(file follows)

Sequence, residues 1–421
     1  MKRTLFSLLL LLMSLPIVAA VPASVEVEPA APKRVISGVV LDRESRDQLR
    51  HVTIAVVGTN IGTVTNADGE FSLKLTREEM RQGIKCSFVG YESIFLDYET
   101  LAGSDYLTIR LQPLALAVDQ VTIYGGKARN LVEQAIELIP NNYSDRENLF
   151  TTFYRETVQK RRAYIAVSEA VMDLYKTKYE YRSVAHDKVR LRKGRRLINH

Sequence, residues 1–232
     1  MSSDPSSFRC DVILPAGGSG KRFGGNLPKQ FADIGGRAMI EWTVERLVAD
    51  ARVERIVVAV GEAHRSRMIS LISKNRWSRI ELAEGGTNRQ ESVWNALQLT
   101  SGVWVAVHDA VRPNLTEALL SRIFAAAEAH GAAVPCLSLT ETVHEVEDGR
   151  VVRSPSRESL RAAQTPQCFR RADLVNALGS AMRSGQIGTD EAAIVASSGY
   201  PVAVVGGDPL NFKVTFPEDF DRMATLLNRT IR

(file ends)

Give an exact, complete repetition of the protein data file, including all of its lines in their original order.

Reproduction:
Sequence, residues 1–421
     1  MKRTLFSLLL LLMSLPIVAA VPASVEVEPA APKRVISGVV LDRESRDQLR
    51  HVTIAVVGTN IGTVTNADGE FSLKLTREEM RQGIKCSFVG YESIFLDYET
   101  LAGSDYLTIR LQPLALAVDQ VTIYGGKARN LVEQAIELIP NNYSDRENLF
   151  TTFYRETVQK RRAYIAVSEA VMDLYKTKYE YRSVAHDKVR LRKGRRLINH

Sequence, residues 1–232
     1  MSSDPSSFRC DVILPAGGSG KRFGGNLPKQ FADIGGRAMI EWTVERLVAD
    51  ARVERIVVAV GEAHRSRMIS LISKNRWSRI ELAEGGTNRQ ESVWNALQLT
   101  SGVWVAVHDA VRPNLTEALL SRIFAAAEAH GAAVPCLSLT ETVHEVEDGR
   151  VVRSPSRESL RAAQTPQCFR RADLVNALGS AMRSGQIGTD EAAIVASSGY
   201  PVAVVGGDPL NFKVTFPEDF DRMATLLNRT IR